Ready for Battle?

Jacques Chevrier

Colorised photo courtesy Richard Molloy

A group of pilots of No 1 Squadron RCAF, gather round one of their Hawker Hurricane Mark Is at Prestwick, Scotland.
30 October 1940.

The Squadron Commanding Officer, Squadron Leader E A McNab, stands fifth from the right, wearing a forage cap.

Left to Right: Frank Hillock, Toronto ON; Frederick Watson, Winnipeg MB; Robert Norris, Saskatoon SK; Norman Richard Johnstone, Winnipeg MB; Joseph A. J. Chevrier, Saint-Lambert QC; John David Morrison, Regina SK; Sq/Ldr Ernest Archibald McNab, Rosthern, SK; Arthur Yuile, Montréal QC; Paul Pitcher, Montréal QC; William Sprenger, Montréal QC; and Dean Nesbitt, Montréal QC. It is interesting to note that all five men on the right are from Montréal.

No. 1 Squadron RCAF left for Great Britain in June of 1940, with the Battle well under way. After a short period of training in England, they became the only RCAF Squadron involved in the Battle of Britain, first engaging the enemy on 23 August 1940. The following year, No. 1 became 401 Squadron. 401 Squadron ended the war as the RAF 2nd Tactical Air Force’s highest scoring fighter squadron with 186.5 victories—29 of which were earned during the Battle of Britain.

(Photo source – © IWM CH 1733)
Royal Air Force official photographer
Devon S A (Mr)

(Colourised by Richard James Molloy from the UK)
www.facebook.com/colourbyRJM

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Airfix Boulton Paul Defiant Mk I – First steps

Having a rainy day is a great incentive to start building what I bought seven months ago.

One thing Airfix did was to provide us with clear instructions.

Some cockpit parts are delicate, and I broke part C21 when I removed it from the sprue. Luckily it won’t show.

The rest of the assembly was easy except for installing part D28.

Installing parts D20 and D21 was a breeze.

Next time on My Forgotten Hobby, Step 12 which I already did taking advantage of a sleeping cat…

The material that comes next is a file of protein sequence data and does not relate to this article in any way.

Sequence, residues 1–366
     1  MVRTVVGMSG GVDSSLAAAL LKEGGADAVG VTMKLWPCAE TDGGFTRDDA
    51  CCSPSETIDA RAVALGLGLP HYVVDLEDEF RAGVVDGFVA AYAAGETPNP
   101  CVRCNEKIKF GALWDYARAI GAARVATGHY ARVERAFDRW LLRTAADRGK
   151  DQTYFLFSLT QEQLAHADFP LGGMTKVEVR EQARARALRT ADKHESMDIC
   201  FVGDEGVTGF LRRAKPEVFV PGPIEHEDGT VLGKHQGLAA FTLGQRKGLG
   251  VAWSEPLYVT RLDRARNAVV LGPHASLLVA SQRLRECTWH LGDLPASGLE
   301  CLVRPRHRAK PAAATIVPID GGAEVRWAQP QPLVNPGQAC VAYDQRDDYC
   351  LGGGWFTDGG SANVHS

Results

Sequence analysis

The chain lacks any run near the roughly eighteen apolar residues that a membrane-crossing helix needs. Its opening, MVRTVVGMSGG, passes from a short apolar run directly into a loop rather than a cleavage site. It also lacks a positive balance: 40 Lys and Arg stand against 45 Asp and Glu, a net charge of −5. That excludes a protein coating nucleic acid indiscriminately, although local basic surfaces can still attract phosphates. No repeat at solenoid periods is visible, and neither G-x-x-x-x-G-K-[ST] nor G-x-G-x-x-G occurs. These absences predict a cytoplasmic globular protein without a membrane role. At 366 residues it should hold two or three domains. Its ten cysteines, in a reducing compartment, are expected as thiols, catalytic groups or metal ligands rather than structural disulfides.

Where was I the last time when I finished my last build?

Where was I the last time when I finished my last build?

Building Monogram 1/48 scale SBD Dauntless.

Where was I the last time when I finished my last build? I had found all about Gérard Pelletier, a French-Canadian air gunner, who is missing since September 3rd, 1942.

 

Then I bought some model kits…

And created a blog about RAF 264 Squadron, and along the way finding a new addictive hobby…

Colorising photos!

Avro Anson

 

A mail carrier B-17 with the RCAF

 

Learning more about Buzz Beurling

 

More on these 425 Alouette Squadron airmen

About a postwar Mosquito in Canada

 

More 425 Alouette Squadron airmen

 

Ground crew posing with a RCAF 410 Squadron Defiant based at RAF Drem

A French-Canadian fighter pilot Joseph Desloges who took part in the Battle of Britain.

 

A modified painting of a BCATP Fairey Battle

Two well-known RAF 264 Squadron pilot and air gunner

 

Pilots with RCAF 416 Squadron

 

425 Alouette Squadron (September 1944)

 

Buzz Beurling’s friend

 

 

 

Gordon McKenzie Hill, a RCAF 416 Squadron pilot

 

A Fleet Finch stationed at No.4 EFTS Windsor Mills, Quebec

 

Fleet Finches stationed at No.4 EFTS Windsor Mills, Quebec  (1940)

 

 

A Typhoon pilot

 

Gordon McKenzie Hill, a RCAF 416 Squadron pilot

 

425 Alouette Squadron Handley Page Halifax III

 

  

Laurent Lamontagne, a friend’s father

 

Jean-Paul Corbeil and Pierre Gauthier with 425 Alouette (May 1944)

 

“Tush” Laviolette (425 Squadron)

 

LAC Leslie Scott

 

P-40

 

Prang!

 

Sergeant Gérard Pelletier

 

Squadron Leader Chadburn (416 Squadron)

 

A Tiger Moth stationed at No.4 EFTS Windsor Mills, Quebec

 

Tiger Moths stationed at No.4 EFTS Windsor Mills, Quebec

 

Hawker Typhoon

 

Picture colorised for Clarence Simonsen to be used for an upcoming research.

Where was I the last time when I finished my last build?

I thought you would never ask!

Next time…

Curtiss P-40 Series I

More reading

Weapons and Warfare